Graduation Semester and Year




Document Type


Degree Name

Doctor of Philosophy in Computer Science


Computer Science and Engineering

First Advisor

Sajal Das


With the fast advances in inexpensive sensor technology and wireless communications, the design and development of large-scale wireless sensor networks has become cost-effective and viable enough to attract the attention of a wide range of civilian, natural, and military applications, such as health and environmental monitoring, seism monitoring, and battlefields surveillance. The main challenge in the design of wireless sensor networks is the limited battery power of the sensors and the difficulty of replacing and/or recharging these batteries due to the nature of the monitored field, such as hostile environments, and cost. Thus, it is necessary that the sensors be densely deployed and energy-efficient protocols be designed to maximize the network lifetime while meeting the specific application requirements in terms of coverage and connectivity. In this dissertation, we propose a continuum percolation-based approach to compute the critical sensor spatial density above which a field is almost surely covered and the network is almost surely connected. This approach helps network designers achieve full coverage of a field with a minimum number of connected sensors, thus maximizing the network lifetime. In order to support different applications and environments with diverse requirements in terms of coverage and connectivity, we extend our above analysis to k-coverage with k = 3 using a deterministic approach so the network self-configures to meet these requirements. More specifically, we propose a unified, energy-efficient framework for connected k-coverage, duty-cycling, and geographic forwarding in wireless sensor networks. Our framework, called Cover-Sense-Inform (CSI), includes randomized centralized, pseudo-distributed, and distributed protocols for connected k-coverage along with geographic forwarding protocols in duty-cycled, k-covered wireless sensor networks. We prove that k-covered wireless sensor networks have connectivity that is higher than their degree of coverage k, thus providing architectures with high degree of fault-tolerance. In the centralized connected k-coverage protocol, the sink is responsible for selecting a minimum number of active sensors to fully k-cover a field while maintaining connectivity between them. Both of the pseudo-distributed connected k-coverage protocols consider different levels of network clustering and are run under the control of a subset of sensors, called cluster-heads, which are selected by the sink in each scheduling round. Each cluster-head is responsible for selecting a subset of active neighboring sensors to k-cover its cluster while guaranteeing connectivity between all active sensors. In the distributed connected k-coverage protocol, all the sensors are required to coordinate among themselves to fully k-cover a field while ensuring network connectivity. Simulation results show that our protocols select a minimum number of sensors, thus maximizing energy saving. Using a potential fields-based approach, we propose deterministic and hybrid geographic forwarding protocols for duty-cycled, k-covered wireless sensor networks with different levels of data aggregation. Simulation results show that CSI yields significant energy savings while guaranteeing high data delivery ratio. Besides, we extend CSI to address the stochastic connected k-coverage problem in wireless sensor networks using a more realistic sensing model that accounts for the stochastic properties of the sensors. We also extend CSI to three-dimensional wireless sensor networks and find that the extension of our analysis from two-dimensional to three-dimensional space is not straightforward. Finally, we propose a solution to the energy sink-hole problem, which is inherent to static wireless sensor networks, by exploiting energy heterogeneity, sink mobility, and energy aware Voronoi diagram. Simulation results show that our solution yields uniform energy consumption of all the sensors, thus extending the network lifetime.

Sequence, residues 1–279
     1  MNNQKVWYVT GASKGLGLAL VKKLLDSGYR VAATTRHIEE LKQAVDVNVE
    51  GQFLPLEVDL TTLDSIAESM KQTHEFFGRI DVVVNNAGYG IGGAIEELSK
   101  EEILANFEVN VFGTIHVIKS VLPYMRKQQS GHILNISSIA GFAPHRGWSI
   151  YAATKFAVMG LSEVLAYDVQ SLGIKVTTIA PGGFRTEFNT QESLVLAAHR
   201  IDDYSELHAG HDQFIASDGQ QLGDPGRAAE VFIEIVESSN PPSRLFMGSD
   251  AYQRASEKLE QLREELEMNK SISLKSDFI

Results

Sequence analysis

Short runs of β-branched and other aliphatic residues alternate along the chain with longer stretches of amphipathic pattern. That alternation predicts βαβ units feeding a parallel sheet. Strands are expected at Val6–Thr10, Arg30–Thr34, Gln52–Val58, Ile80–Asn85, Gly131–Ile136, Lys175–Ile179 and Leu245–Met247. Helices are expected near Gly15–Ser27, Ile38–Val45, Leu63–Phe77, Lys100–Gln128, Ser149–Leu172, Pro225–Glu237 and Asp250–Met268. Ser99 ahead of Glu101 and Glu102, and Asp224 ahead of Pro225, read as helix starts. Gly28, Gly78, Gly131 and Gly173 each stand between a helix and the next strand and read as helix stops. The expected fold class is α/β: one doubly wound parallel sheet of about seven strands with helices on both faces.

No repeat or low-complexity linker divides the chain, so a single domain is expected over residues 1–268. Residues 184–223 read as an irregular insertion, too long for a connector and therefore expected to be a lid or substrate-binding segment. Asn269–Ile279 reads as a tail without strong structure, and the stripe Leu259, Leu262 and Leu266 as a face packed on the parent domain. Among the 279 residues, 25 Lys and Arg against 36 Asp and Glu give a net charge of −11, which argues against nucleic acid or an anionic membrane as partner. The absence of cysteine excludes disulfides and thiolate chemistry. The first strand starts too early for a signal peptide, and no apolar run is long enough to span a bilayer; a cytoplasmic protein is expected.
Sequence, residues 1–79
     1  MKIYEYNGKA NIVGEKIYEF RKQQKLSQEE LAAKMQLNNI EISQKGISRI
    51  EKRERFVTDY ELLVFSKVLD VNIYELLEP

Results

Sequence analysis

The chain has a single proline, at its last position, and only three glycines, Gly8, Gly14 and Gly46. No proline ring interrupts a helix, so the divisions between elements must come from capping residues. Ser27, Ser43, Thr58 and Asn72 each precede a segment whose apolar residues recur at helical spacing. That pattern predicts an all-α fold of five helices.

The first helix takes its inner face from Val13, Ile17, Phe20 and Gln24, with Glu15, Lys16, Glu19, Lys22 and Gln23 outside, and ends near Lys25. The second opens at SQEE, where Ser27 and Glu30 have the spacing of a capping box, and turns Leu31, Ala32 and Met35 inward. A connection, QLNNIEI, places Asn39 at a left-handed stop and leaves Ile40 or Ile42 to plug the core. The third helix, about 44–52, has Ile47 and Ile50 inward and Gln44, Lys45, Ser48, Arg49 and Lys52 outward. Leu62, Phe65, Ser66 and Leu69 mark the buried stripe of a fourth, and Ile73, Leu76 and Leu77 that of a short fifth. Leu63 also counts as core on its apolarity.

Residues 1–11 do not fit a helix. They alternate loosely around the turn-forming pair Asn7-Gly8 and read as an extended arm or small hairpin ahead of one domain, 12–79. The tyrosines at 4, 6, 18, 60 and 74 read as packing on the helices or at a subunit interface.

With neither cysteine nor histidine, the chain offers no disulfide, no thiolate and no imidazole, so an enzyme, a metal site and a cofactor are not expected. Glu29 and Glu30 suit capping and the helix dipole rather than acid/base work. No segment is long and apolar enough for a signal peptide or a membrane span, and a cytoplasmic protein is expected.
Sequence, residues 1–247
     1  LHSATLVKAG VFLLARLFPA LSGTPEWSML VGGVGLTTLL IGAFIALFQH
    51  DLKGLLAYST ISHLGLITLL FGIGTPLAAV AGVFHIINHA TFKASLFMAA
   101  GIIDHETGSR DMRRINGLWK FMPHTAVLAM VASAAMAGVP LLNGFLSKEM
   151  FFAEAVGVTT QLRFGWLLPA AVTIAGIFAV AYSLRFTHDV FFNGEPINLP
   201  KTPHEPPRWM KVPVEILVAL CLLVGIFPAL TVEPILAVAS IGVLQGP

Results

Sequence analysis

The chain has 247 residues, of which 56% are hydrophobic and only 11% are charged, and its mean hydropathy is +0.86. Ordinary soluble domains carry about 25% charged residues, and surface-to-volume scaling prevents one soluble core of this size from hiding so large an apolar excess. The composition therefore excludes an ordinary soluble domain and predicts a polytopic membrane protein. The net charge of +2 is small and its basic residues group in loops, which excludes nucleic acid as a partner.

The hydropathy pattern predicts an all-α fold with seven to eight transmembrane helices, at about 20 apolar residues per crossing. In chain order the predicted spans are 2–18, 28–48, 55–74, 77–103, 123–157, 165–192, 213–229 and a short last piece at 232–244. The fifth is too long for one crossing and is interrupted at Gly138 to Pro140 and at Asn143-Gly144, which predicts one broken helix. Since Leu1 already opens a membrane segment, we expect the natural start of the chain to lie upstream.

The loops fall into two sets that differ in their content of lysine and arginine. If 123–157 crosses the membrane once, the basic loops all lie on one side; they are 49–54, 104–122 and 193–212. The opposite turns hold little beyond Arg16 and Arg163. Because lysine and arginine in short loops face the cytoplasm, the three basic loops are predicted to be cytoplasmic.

Computer Sciences | Physical Sciences and Mathematics


Degree granted by The University of Texas at Arlington